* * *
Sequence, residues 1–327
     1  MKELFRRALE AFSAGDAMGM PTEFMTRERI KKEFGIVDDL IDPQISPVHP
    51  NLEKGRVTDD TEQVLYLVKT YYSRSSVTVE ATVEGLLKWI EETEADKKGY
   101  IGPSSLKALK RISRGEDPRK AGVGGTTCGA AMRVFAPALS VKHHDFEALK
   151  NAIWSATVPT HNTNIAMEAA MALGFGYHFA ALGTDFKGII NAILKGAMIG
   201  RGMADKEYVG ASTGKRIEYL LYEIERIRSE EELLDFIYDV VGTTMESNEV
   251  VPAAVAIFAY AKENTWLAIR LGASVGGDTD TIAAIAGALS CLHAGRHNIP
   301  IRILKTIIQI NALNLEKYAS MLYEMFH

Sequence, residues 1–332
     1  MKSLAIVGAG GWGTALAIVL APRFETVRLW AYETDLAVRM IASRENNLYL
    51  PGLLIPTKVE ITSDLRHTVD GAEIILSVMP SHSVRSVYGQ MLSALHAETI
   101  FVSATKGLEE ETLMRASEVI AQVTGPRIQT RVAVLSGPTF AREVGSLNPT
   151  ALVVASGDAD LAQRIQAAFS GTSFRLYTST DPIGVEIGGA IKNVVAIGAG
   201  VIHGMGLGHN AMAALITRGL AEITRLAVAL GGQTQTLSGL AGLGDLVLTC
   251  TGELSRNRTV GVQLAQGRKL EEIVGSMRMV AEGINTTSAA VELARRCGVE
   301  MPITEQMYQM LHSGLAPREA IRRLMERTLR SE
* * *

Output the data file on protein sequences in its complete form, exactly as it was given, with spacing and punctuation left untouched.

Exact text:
Sequence, residues 1–327
     1  MKELFRRALE AFSAGDAMGM PTEFMTRERI KKEFGIVDDL IDPQISPVHP
    51  NLEKGRVTDD TEQVLYLVKT YYSRSSVTVE ATVEGLLKWI EETEADKKGY
   101  IGPSSLKALK RISRGEDPRK AGVGGTTCGA AMRVFAPALS VKHHDFEALK
   151  NAIWSATVPT HNTNIAMEAA MALGFGYHFA ALGTDFKGII NAILKGAMIG
   201  RGMADKEYVG ASTGKRIEYL LYEIERIRSE EELLDFIYDV VGTTMESNEV
   251  VPAAVAIFAY AKENTWLAIR LGASVGGDTD TIAAIAGALS CLHAGRHNIP
   301  IRILKTIIQI NALNLEKYAS MLYEMFH

Sequence, residues 1–332
     1  MKSLAIVGAG GWGTALAIVL APRFETVRLW AYETDLAVRM IASRENNLYL
    51  PGLLIPTKVE ITSDLRHTVD GAEIILSVMP SHSVRSVYGQ MLSALHAETI
   101  FVSATKGLEE ETLMRASEVI AQVTGPRIQT RVAVLSGPTF AREVGSLNPT
   151  ALVVASGDAD LAQRIQAAFS GTSFRLYTST DPIGVEIGGA IKNVVAIGAG
   201  VIHGMGLGHN AMAALITRGL AEITRLAVAL GGQTQTLSGL AGLGDLVLTC
   251  TGELSRNRTV GVQLAQGRKL EEIVGSMRMV AEGINTTSAA VELARRCGVE
   301  MPITEQMYQM LHSGLAPREA IRRLMERTLR SE